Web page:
Identify every device on the network.

We’re not talking about just desktops and laptops, here. Think more broadly and identify everything that has a network connection—desktops, laptops, tablets, mobile phones, IoT devices, etc.  You may have also permitted network access for clinicians and staff using their own devices, so take the time to identify those users as well.

Update your software.

After figuring out how many networked devices you have, make sure the security applications on each, which includes operating systems, are up to date.

“One of the main reasons hospitals have become ground zero for ransomware attacks is that almost every modern medical device is now a computer,” writes Phillip Hallam-Baker, vice president and principal scientist for cybersecurity firm Comodo, in Health Data Management. “It is not uncommon to find a multi-million dollar device such as an MRI machine running Windows XP Embedded, an operating system version that was last updated when it was retired in 2011.”

Hallam-Baker adds that defeating malware, particularly ransomware, requires a three-pronged approach:

  • Scan inbound email for infected attachments and links to malware sites that automatically download to your computer.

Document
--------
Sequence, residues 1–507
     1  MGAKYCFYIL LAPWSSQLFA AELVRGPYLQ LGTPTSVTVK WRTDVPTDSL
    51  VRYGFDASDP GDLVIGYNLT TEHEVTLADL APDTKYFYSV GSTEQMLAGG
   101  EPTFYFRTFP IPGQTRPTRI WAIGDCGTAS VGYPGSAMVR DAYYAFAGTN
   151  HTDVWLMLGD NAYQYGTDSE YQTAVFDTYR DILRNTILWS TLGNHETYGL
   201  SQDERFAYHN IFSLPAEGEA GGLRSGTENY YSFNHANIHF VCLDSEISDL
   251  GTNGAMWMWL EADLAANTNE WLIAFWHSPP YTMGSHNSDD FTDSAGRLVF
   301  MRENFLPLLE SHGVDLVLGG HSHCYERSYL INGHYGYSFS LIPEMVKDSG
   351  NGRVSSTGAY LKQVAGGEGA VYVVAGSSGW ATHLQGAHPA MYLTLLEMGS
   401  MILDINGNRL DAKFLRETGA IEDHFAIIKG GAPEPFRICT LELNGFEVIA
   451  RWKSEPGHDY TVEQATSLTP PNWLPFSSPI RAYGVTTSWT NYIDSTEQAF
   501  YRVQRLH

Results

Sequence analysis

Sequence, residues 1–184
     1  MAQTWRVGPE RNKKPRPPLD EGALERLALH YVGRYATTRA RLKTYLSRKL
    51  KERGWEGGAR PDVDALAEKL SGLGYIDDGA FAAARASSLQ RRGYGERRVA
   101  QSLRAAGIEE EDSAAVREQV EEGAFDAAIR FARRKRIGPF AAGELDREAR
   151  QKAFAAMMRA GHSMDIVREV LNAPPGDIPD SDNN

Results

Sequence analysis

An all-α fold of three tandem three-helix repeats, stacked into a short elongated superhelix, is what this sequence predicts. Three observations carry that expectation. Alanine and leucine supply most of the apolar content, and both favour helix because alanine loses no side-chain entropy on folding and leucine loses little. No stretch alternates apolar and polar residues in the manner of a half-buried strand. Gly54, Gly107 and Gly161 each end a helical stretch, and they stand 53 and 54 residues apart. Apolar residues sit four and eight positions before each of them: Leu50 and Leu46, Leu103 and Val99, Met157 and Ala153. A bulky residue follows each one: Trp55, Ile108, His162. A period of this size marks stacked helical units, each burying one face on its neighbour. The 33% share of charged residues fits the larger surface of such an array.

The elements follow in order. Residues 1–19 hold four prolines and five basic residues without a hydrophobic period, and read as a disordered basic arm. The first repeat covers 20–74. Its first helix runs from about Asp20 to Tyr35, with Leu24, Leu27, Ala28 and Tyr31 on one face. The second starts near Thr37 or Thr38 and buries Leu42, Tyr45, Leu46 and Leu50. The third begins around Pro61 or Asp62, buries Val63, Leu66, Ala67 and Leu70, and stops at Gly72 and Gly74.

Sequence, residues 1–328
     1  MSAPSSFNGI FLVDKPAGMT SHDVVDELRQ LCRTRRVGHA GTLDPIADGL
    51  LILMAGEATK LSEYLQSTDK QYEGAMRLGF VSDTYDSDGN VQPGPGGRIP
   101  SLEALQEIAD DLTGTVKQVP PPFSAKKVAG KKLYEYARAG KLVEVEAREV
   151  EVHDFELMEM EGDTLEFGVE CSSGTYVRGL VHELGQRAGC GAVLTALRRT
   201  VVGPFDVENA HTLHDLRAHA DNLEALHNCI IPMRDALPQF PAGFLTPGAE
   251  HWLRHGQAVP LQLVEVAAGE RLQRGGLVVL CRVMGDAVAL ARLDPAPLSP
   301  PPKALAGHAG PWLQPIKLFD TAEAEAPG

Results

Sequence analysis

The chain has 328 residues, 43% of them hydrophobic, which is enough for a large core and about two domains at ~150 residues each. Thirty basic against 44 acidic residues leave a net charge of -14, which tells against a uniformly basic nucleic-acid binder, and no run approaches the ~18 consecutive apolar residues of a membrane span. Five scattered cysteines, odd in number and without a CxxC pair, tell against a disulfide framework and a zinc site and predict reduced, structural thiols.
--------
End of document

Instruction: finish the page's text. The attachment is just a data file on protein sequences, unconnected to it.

• Block access to malware sites.
  • Run anti-virus software on every computer in use.

Spread the security gospel.

Now, it’s time for the social engineering. According to respondents in a Ponemon Institute study on networks and cybercrime, 81 percent feel the greatest threat to security is negligent and careless employees who don’t follow established policies and practices. This issue has been complicated in recent years by threats from insecure mobile devices. Train every employee in proper security practices, and reinforce them frequently.

Secure the patient portal.

At some point, turn your attention to the patient portal you installed to meet Meaningful Use. Keith Fricke, the principal consultant at tw-Security, wants you to know that it could create vulnerabilities. Imagine, for example, hostile code that lives on a popular website and downloads to a patient’s home computer. Later visits by that patient to an insecure hospital patient portal might provide a hacker with access to numerous patient records and the opportunity to pass along a virus, hitting your organization with a double whammy.

Cover your business associate bases.

In recent years, according to Ponemon, business associates (BAs) have endured even more data security incidents than healthcare providers.  A major reason is that HIPAA-required BA agreements, once signed, tend to sit on the shelves of all parties. Your partners, including IT vendors, may feel much less urgency about patient data security than you do. Make sure their lack of urgency does not impact your security by taking these steps: